The best treatment for trichotillomania depends on the individual needs of the person suffering from this compulsive hair-pulling disorder. The goal of treatment is to reduce the urge to pull repeatedly on the hair, or if the person is unable to lose the desire to pull his hair, the goal becomes to resist the physical action of hair pulling. The best trichotillomania therapy is often a combination of medication and behavioral modification therapy.
Most medications prescribed for trichotillomania are tricyclic antidepressants or selective serotonin reuptake inhibitor (SSRI) antidepressants. It is believed that there is a chemical imbalance that predisposes certain people toward obsessive-compulsive behavior such as hair pulling. The medications may not be suitable for everyone seeking treatment for trichotillomania, as the side effects may outweigh the benefits of the antidepressant. The side effects of antidepressants may include nausea, dry mouth, dizziness, and weight gain.
Behavioral therapy for trichotillomania often begins with an assessment of the triggers for the hair pulling. Once these triggers are identified, the therapist will be able to develop a plan for coping with these stressors. The therapist may recommend breathing exercises and meditation to reduce the urge to pull hair. Hypnotherapy also has been an effective tool for a select few suffering from trichotillomania
Some believe that biofeedback therapy is a beneficial treatment for trichotillomania. The therapy sessions can include identifying the sensations that accompany the urge to pull hair, including tension in the facial muscles and a restless feeling in the hands. The therapist then would help the person discover alternative actions or breathing techniques that may quiet the compulsion to pull hair. Daily sessions listening to peaceful, relaxing music also may decrease the need to self-soothe with hair pulling.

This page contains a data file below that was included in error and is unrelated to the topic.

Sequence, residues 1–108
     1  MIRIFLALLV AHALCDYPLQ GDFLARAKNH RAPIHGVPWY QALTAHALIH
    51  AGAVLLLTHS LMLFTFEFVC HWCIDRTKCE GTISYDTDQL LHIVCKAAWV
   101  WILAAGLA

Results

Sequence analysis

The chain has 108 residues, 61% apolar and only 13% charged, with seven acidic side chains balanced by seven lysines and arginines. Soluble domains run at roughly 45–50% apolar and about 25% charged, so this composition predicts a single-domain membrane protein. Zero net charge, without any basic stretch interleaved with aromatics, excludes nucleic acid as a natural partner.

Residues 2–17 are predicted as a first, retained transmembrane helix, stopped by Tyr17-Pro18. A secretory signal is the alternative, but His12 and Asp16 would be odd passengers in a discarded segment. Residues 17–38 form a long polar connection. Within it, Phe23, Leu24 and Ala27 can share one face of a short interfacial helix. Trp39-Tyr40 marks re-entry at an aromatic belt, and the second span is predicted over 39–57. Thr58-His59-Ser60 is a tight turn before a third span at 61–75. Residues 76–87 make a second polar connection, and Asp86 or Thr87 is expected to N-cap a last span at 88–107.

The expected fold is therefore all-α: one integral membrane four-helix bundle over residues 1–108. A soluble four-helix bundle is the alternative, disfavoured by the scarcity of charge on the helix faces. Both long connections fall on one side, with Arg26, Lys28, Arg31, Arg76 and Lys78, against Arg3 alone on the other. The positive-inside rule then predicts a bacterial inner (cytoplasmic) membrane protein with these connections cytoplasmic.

Many therapists will ask the person looking for trichotillomania treatment to keep a record of when he has the urge to pull his hair. The logbook should include the time of day and all other details of the hours prior to a trichotillomania attack. It may be that avoiding certain activities or people may help avoid further episodes of hair pulling.
Most people needing treatment for trichotillomania will respond best to a combination of behavioral therapy and medications. A relapse into hair pulling is not unusual, even after therapy. A behavioral modification technique called Habit Reversal Training (HRT) has been found to be successful in helping people who are unable to quit pulling their hair. HRT teaches the patient how to change the thinking patterns that accompany the physical action of pulling hair. It helps the person focus on a different way to relieve stress that does not have the adverse effects of hair loss.